Race, Class, Gender, Sexuality

Letters from reputable publications

I don’t know where these are from, but I clipped them a long time ago, and I think they’re just as insightful now as they were then, even if Netanyahu isn’t the leader of Israel any more.

Criticism of Netanyahu is not anti-Semitic
As an American Jew, I take profound offense at Prime Minister Benjamin Netanyahu’s attempt (“Netanyahu asks to be understood,” Page 1, Oct.9) to link criticism of his government’s brutal and self-aggrandizing policy toward the Palestinians to historic “incitement of falsehoods depicting Jews as the enemy of mankind . . . poisoners of the well.” To be sure, anti-Semitism continues to exist in the world; in Europe, if not in America, it is clearly growing stronger. That in no way justifies Israel’s reneging on signed peace accords, blowing up Palestinian houses or killing demonstrating children.

That a government guilty of such offenses is condemned by public opinion throughout the world need not reflect anti-Semitism. More plausibly, it reflects a simple sense of justice. At best, Netanyahu speaks for only half of Israeli Jews. The future of Israel, and the struggle against anti-Semitism, would be served by forthright condemnation of policies which cannot be decently defended.

Leon Kamin

Are Gay Men Born that Way?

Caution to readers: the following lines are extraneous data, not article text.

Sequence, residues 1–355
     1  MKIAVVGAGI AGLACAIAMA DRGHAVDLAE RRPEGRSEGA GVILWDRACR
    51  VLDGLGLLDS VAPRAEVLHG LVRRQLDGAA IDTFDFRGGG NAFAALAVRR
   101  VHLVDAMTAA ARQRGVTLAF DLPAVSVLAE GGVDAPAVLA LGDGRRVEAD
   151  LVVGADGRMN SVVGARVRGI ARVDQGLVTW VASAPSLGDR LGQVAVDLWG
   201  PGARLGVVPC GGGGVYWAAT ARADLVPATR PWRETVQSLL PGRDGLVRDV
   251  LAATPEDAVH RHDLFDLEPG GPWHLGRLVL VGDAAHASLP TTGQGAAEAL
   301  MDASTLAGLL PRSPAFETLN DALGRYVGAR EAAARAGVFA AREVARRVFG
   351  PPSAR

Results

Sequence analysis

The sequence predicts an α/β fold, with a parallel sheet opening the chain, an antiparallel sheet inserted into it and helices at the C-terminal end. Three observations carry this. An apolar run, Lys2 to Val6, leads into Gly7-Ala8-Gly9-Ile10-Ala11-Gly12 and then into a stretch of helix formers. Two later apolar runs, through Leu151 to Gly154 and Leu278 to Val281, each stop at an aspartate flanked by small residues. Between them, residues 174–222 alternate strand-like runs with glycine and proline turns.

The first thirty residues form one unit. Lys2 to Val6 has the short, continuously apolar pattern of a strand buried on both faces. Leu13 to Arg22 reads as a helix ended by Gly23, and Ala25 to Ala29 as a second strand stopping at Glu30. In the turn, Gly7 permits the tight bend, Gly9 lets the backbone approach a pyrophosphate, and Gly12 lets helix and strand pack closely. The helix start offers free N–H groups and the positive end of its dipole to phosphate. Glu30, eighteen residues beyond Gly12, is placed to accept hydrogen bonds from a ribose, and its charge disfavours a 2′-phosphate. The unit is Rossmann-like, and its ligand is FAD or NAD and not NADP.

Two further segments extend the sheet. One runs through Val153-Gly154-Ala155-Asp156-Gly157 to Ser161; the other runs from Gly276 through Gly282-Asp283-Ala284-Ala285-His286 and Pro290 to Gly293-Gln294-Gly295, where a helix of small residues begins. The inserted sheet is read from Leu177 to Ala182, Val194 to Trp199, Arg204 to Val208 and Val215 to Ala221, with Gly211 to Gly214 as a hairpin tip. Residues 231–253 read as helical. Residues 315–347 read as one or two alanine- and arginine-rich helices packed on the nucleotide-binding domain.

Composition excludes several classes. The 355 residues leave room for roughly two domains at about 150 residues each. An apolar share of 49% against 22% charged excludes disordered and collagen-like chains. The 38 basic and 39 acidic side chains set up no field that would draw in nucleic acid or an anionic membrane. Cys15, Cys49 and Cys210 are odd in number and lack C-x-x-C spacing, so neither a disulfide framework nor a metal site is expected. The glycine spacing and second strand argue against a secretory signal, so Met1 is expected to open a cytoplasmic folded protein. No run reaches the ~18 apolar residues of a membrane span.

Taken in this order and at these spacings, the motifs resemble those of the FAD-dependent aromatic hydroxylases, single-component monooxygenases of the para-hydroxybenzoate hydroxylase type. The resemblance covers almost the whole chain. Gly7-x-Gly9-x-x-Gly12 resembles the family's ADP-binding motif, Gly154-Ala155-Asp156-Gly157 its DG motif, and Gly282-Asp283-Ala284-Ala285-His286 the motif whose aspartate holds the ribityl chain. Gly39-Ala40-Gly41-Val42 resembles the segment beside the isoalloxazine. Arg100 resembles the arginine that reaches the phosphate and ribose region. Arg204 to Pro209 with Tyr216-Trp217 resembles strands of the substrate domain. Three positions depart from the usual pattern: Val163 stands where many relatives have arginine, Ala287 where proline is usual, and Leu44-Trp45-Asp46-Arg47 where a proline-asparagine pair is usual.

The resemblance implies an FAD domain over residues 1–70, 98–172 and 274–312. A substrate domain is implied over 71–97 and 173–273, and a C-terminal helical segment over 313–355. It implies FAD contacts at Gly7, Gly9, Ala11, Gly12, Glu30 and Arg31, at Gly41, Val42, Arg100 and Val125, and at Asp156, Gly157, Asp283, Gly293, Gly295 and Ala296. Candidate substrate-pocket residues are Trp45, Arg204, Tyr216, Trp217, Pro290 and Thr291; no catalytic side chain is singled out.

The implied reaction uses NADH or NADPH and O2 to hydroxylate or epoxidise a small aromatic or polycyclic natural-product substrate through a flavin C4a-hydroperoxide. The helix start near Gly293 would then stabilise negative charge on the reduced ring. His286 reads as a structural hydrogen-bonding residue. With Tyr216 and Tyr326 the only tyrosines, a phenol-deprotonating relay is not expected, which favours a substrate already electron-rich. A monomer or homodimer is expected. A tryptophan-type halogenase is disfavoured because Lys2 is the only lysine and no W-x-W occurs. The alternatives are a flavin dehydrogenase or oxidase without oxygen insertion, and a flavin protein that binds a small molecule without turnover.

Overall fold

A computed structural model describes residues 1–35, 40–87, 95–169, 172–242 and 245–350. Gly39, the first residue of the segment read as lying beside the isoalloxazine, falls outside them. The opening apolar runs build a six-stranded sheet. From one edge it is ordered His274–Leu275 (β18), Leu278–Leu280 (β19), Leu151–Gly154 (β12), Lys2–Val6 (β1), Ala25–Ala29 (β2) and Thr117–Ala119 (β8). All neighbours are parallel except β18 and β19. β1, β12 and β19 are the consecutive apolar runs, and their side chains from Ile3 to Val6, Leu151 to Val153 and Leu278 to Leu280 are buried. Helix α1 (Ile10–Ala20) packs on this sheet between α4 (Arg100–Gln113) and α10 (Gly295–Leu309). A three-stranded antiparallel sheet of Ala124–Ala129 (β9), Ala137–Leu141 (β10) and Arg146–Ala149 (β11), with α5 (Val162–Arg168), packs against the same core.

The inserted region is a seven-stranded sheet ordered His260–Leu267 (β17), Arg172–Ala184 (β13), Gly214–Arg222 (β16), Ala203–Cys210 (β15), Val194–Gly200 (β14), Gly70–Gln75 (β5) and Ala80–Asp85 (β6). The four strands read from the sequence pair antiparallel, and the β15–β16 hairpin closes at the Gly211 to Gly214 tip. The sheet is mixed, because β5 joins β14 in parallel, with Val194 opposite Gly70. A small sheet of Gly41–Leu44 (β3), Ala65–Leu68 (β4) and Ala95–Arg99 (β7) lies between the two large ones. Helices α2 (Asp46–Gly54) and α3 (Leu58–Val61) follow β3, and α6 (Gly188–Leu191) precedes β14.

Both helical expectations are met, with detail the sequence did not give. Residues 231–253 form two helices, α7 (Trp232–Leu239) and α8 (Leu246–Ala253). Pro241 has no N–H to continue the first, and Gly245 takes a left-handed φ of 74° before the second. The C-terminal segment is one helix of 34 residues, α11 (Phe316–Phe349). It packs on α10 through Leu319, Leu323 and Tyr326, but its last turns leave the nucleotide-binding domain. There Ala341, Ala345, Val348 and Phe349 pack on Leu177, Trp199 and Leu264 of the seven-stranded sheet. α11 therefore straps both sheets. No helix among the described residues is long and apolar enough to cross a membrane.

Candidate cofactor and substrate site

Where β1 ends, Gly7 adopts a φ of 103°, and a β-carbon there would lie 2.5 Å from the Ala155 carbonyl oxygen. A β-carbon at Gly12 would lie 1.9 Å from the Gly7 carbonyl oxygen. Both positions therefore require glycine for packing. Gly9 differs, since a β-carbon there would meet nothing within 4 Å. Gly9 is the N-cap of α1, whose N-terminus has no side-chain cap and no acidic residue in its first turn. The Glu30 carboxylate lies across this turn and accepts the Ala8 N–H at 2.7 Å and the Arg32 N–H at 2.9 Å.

Even if homosexuality is determined to have a physiological origin [Science, Sept.9], why should homosexual practices be any more accepted than alcoholism, drug dependency, eating disorders or any of a host of other aberrant manifestations that may also be rooted in physiology? All of these practices, including homosexuality, should be handled the same way: with respect for the humanity of the individual and with treatment for and discouragement of the behavior.

Genevieve Cochran
Medford, Oregon

So what if gay men are born that way? A straight society will still discriminate against them, just as a white society discriminates against nonwhites. Gay men may have small hypothalamic nuclei. That’s not the problem. Too many straight people have small hearts. That’s the problem.

Steve Swayne
Oakland, California

I see no benefit in knowing the reason for sexual orientation. Is the implication that if there is no physiological cause, gay people do not deserve legal protection? Whether people choose to be gay or are physiologically gay is a moot point politically. People who practice religion choose to do so, and yet no one would deny them political and legal protection.

Thomas Foster
Oda, Japan

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